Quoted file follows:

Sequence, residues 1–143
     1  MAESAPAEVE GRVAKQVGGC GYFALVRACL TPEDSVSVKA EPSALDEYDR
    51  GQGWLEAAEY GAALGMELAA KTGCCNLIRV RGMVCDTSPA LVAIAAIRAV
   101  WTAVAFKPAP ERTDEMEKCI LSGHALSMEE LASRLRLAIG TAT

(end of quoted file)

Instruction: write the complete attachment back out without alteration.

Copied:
Sequence, residues 1–143
     1  MAESAPAEVE GRVAKQVGGC GYFALVRACL TPEDSVSVKA EPSALDEYDR
    51  GQGWLEAAEY GAALGMELAA KTGCCNLIRV RGMVCDTSPA LVAIAAIRAV
   101  WTAVAFKPAP ERTDEMEKCI LSGHALSMEE LASRLRLAIG TAT